Martin Kaymer has stripped the 2014 U.S. Open of its usual tension by steamrolling the competition through two days.
Heading into the weekend, the 29-year-old is lofted above everyone else on the leaderboard with a seven-stroke lead at Pinehurst. Several golfers are holding their own, but it'll take a breakthrough day to close the cavernous gap between them and Kaymer.
Nevertheless, Day 3 could be the day this becomes a fair competition again. Either that or Kaymer chases a record-setting performance, which is also well worth watching.
When: Saturday, June 14
Where: Pinehurst Resort and Country Club, Course No. 2, Pinehurst, North Carolina
TV: NBC (Noon - 7:30 p.m. ET)
Live Stream: WatchESPN
Martin Kaymer Will Fall Back to Earth, but Maintain Lead
Through two rounds, Kaymer has a golfed a sensational 10 strokes under par to gain a sizable lead over the pack.
He spread the annihilation out evenly throughout Thursday and Friday, finishing both rounds at five-under while no other golfer has tallied better than a three-under combined through 36 holes.
Simply going off the law of averages, it's difficult to fathom Kaymer sustaining this sizzling rate over the weekend. If he did, he'd shatter the tournament record after already recording the best 36 holes of golf in U.S. Open history, per ESPN Stats & Info:
This is not saying he'll blow his mammoth, seven-stroke lead during the weekend. With all due apologies to NBC executives crossing their fingers for some drama, Kaymer should have little trouble nailing down his second major championship.
Just don't expect another 65 to filter his scorecard. Simply scoring on par during the final 36 holes will likely secure a victory, but an insurance birdie here of there wouldn't hurt.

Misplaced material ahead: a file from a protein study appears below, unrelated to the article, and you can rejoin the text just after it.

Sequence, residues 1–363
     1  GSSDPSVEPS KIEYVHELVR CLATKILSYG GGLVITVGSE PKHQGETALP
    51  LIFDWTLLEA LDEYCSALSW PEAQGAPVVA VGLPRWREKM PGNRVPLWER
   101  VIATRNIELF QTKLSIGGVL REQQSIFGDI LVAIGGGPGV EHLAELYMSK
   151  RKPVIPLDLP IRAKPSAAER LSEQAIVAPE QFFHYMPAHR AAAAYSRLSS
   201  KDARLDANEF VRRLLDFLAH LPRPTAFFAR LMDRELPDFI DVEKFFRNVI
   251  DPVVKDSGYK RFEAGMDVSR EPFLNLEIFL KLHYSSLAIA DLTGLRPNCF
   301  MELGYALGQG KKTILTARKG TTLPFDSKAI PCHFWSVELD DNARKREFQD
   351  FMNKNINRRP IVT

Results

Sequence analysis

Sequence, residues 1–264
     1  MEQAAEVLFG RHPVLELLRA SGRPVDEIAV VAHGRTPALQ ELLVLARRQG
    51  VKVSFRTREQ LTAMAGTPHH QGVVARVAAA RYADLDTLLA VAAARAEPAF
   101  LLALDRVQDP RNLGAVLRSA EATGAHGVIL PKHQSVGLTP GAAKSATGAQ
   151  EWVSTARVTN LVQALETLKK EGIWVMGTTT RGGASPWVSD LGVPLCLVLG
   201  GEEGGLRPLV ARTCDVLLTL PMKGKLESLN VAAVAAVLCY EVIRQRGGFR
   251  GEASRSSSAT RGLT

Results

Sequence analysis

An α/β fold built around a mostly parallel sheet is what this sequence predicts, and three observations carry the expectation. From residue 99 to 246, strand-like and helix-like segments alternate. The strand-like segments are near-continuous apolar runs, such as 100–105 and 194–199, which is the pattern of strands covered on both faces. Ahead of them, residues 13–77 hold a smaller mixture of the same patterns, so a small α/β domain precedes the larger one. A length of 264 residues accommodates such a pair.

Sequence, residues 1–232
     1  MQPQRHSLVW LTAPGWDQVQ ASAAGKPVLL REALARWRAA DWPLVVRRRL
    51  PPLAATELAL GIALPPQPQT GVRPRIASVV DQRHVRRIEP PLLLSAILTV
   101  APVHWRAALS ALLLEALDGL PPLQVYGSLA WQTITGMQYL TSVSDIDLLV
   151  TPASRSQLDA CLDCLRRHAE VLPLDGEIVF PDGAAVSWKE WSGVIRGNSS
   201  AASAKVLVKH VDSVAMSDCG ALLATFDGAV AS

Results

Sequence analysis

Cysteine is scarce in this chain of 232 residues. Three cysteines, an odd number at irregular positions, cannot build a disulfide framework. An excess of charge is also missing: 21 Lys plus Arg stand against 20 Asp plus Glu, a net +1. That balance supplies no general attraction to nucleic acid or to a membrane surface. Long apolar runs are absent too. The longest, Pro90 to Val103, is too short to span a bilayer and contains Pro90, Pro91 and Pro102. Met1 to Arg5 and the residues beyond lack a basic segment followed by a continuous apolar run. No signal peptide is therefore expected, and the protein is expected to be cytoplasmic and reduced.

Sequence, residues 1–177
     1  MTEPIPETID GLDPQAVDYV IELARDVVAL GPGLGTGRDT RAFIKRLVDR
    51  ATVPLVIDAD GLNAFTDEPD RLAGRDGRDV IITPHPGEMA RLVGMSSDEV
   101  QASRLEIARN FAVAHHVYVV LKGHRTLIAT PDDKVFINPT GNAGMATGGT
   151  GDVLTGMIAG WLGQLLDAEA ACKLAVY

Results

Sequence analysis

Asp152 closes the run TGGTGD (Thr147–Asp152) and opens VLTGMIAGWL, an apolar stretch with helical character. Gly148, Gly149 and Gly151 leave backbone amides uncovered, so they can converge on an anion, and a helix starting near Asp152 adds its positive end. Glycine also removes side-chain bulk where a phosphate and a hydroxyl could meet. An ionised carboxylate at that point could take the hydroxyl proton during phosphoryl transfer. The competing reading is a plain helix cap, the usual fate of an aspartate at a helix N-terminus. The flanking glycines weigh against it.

Phil Mickelson Brings Score Back to Par
After Kaymer, it's anyone's game on a congested leaderboard. Finishing in second or third won't offer much solace for somebody chasing the illustrious title, but it's better than nothing.
One of golf's mainstays of steady success, Phil Mickelson momentarily looked like Kaymer's biggest threat for a late rally, but he'll now have to settle for a respectable finish to bolster his pride. Look for him to veer back to par by erasing a three-over deficit.
Lefty was not his usual self during the opening round, offsetting three birdies with a trio of bogies to finish even par on the day.
According to Golf.com, he lamented his putting game, which caused him to bogey on the 15th hole:
He looked crisper early Friday, storming out of the gate with birdies in the second and third holes en route to recording a one-under for the day. That did not last long, as he later piled up five bogeys with some frustrating putting to finish three-over.
Mickelson has garnered five major championships, but he has yet to win the U.S. Open despite coming painstakingly close with six runner-up finishes. He discussed the significance of becoming the sixth player to win all four majors with the Boston Globe's Michael Whitmer.
“I feel like the five players that have done that have separated themselves from the other players throughout all time,” Mickelson said. “If I’m able to do that, I would look upon my career differently. That’s why it means so much, in addition to the fact that it’s our national championship.”
Even though he's dug too deep of a hole to win, or even become the top loser on the leaderboard, look for the experienced Mickelson to pick up his game on a testing Pinehurst course.
If anything, Kaymer's dominance and Mickelson's lackluster start removes any pressure with everyone likely playing for second.
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